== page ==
Traditionally, when doing surface design work, you need to spend a lot of time figuring out how to best get the surfaces to flow and be as smooth as you require them to be. A lot of the time you need to have a certain level of expertise to achieve this. But, Creo Parametric introduces new capabilities for freeform surface design, which comes in the form of Creo Parametric freestyle. This is standard with all seats of Creo Parametric.
What is does Creo Parametric Freestyle offer users?
Freestyle introduces a new concept. You no longer need to worry about the complexities of setting up the surface area, as the system is now able to take care of this for you. All you need to worry about is the specific form you are trying to build.
How does the Freestyle tool work?
Freestyle works based on sub-divisonal modelling. In this way, you start with a primitive shape, for example a sphere or cube. This primitive shape contains a control mesh, which surrounds the shape. Use the control mesh to manipulate your geometry. If you pick any of the elements of the control mesh (a vertices, an edge, a plane), you will get a 3D dragger. With this, you can directly manipulate, to modify your geometry. As you move the control mesh, the surface will automatically build high quality, curvature continuous manufacturable surfaces for you.
If you want to add more detail to your control mesh, you simply sub-divide it. By doing that you would split an edge or split a surface and this gives you more detail on your control mesh. The more detail you have, the more control you’ve got to manipulate and achieve your desired shape.
What about working with more complex Creo Parametric freeform shapes?
Not all freeform shapes, though, are completely smooth. If, for example, you want to add a hard edge to something, within Freestyle, you can select a number of edges and apply a crease to it and then have control over how much that crease will alter your geometry. Equally, a lot of products that you build are symmetrical. Creo Parametric Freestyle has the ability within the feature to be able to set-up a symmetry plane. Any changes that you make on one side of the control mesh will then automatically be reflected on the other side.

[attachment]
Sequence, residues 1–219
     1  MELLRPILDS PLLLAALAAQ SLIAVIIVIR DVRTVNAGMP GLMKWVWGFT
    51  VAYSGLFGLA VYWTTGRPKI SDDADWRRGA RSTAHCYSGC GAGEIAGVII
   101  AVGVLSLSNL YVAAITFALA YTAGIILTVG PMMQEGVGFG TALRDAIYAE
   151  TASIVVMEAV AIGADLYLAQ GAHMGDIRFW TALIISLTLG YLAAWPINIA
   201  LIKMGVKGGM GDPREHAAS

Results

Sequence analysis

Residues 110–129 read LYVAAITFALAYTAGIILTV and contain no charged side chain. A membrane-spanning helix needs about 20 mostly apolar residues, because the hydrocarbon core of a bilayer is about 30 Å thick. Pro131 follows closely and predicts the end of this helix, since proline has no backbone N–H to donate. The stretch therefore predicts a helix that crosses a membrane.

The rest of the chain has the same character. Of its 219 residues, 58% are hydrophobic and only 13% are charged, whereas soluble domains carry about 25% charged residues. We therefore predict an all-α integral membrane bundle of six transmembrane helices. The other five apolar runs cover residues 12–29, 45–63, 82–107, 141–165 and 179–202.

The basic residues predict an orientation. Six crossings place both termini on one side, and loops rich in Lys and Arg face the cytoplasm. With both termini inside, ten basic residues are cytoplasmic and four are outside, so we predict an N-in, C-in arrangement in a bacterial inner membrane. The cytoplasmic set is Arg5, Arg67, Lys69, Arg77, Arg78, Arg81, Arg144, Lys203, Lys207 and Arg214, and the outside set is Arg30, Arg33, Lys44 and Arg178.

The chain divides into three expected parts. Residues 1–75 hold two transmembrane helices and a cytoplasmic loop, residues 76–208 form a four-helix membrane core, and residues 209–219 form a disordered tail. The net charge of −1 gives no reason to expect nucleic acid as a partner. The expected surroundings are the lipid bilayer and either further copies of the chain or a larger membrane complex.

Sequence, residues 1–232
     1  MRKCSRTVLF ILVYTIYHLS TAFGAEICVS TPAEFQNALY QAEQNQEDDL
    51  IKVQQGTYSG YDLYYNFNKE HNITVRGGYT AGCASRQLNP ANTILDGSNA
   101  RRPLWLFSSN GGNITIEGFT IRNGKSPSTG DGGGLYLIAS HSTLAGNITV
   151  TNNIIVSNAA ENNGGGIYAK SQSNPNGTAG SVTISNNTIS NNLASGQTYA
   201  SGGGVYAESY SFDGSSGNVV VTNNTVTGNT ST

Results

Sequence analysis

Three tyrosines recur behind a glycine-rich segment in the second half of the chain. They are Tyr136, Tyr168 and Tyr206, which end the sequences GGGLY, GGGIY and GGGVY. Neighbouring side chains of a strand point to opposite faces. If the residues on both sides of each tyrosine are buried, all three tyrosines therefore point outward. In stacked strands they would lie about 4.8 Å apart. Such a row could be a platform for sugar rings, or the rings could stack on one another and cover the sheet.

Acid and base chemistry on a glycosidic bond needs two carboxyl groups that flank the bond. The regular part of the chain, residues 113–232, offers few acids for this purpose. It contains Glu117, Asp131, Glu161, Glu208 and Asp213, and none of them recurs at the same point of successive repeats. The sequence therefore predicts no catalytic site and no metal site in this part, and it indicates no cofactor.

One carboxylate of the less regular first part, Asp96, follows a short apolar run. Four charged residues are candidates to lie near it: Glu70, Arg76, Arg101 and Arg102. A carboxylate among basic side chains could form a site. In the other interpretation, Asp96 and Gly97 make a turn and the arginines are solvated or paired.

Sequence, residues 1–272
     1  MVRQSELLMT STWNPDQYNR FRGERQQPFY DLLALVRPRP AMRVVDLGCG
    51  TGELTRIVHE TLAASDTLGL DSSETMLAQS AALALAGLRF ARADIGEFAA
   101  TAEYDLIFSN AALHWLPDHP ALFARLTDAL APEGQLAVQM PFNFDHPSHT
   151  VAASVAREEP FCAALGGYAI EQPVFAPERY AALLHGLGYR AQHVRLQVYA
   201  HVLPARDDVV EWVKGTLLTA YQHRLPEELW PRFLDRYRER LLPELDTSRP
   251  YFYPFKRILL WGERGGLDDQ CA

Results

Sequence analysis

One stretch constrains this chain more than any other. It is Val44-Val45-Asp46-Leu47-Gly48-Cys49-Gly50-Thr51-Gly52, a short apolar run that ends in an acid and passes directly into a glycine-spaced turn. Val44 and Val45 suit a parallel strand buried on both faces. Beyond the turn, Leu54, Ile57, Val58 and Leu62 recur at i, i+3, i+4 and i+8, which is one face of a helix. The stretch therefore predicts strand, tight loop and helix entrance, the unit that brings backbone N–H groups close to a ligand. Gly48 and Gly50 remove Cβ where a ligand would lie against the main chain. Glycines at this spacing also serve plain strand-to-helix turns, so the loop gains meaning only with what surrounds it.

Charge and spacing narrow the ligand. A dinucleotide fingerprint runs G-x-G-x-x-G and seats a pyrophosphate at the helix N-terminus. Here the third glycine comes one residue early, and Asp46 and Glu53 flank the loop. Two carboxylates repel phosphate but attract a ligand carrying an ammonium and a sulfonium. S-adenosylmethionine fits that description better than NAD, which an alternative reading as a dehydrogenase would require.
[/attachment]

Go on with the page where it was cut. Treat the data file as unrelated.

In addition to that what Freestyle also has is the ability to perform multi-level sub-division. This allows you to define your initial control mesh and define your initial shape. But, if you then want to put in finer detailing, you can sub-divide that mesh up at a very high level. This will not change the topology of your geometry, but will give you more control on your control mesh to push, pull and adjust the shape. Any level down you go with multi-level sub-division will split or convert each face into four faces. If you go down another level, each face converts into 16 etc. As you push and pull on those particular vertices or faces in a sub-division level, you can deform the shape with very local changes. You can then go back up to a high level of sub-division and do more of a global change, allowing you to very quickly define smooth geometry and define the overall shape that you are after with both global changes and small local changes.
Once you are happy with the form that you have, you can complete the Freestyle feature. What you are left with is a high quality quilt of surfaces, just like any other quilt that exists within Creo Parametric. You can then perform regular feature operations on it. For example, you can trim it, you can merge it, and you can add rounds to it. As Freestyle is a feature, it also allows you, at any stage, to go back into your design and redefine that particular feature.
This feature means that, as a designer, you can focus on achieving the form and shape that you are after, without having to worry about how you are actually going to achieve that shape. Freestyle lets you very quickly come up with multiple concepts on a design.
Find out more about the capabilities of Creo Parametric: